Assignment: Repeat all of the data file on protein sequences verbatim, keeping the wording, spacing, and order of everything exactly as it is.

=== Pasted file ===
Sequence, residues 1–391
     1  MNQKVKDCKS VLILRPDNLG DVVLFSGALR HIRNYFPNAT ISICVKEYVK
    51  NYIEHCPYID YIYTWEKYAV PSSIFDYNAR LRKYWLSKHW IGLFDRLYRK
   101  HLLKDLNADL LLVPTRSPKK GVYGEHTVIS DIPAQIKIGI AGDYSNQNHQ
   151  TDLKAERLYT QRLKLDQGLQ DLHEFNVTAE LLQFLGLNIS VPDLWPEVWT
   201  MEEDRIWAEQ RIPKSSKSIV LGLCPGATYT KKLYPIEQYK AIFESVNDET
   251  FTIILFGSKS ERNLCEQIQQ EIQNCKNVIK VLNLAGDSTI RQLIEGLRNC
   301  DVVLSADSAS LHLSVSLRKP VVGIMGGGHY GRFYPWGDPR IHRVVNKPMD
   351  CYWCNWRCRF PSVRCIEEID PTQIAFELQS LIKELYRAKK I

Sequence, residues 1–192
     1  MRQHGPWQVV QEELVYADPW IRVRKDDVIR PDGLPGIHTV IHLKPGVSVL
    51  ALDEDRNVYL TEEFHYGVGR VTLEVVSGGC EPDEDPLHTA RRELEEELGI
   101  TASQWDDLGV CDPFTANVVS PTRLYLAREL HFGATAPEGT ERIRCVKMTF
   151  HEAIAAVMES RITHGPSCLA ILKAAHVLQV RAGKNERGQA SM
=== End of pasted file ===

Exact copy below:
Sequence, residues 1–391
     1  MNQKVKDCKS VLILRPDNLG DVVLFSGALR HIRNYFPNAT ISICVKEYVK
    51  NYIEHCPYID YIYTWEKYAV PSSIFDYNAR LRKYWLSKHW IGLFDRLYRK
   101  HLLKDLNADL LLVPTRSPKK GVYGEHTVIS DIPAQIKIGI AGDYSNQNHQ
   151  TDLKAERLYT QRLKLDQGLQ DLHEFNVTAE LLQFLGLNIS VPDLWPEVWT
   201  MEEDRIWAEQ RIPKSSKSIV LGLCPGATYT KKLYPIEQYK AIFESVNDET
   251  FTIILFGSKS ERNLCEQIQQ EIQNCKNVIK VLNLAGDSTI RQLIEGLRNC
   301  DVVLSADSAS LHLSVSLRKP VVGIMGGGHY GRFYPWGDPR IHRVVNKPMD
   351  CYWCNWRCRF PSVRCIEEID PTQIAFELQS LIKELYRAKK I

Sequence, residues 1–192
     1  MRQHGPWQVV QEELVYADPW IRVRKDDVIR PDGLPGIHTV IHLKPGVSVL
    51  ALDEDRNVYL TEEFHYGVGR VTLEVVSGGC EPDEDPLHTA RRELEEELGI
   101  TASQWDDLGV CDPFTANVVS PTRLYLAREL HFGATAPEGT ERIRCVKMTF
   151  HEAIAAVMES RITHGPSCLA ILKAAHVLQV RAGKNERGQA SM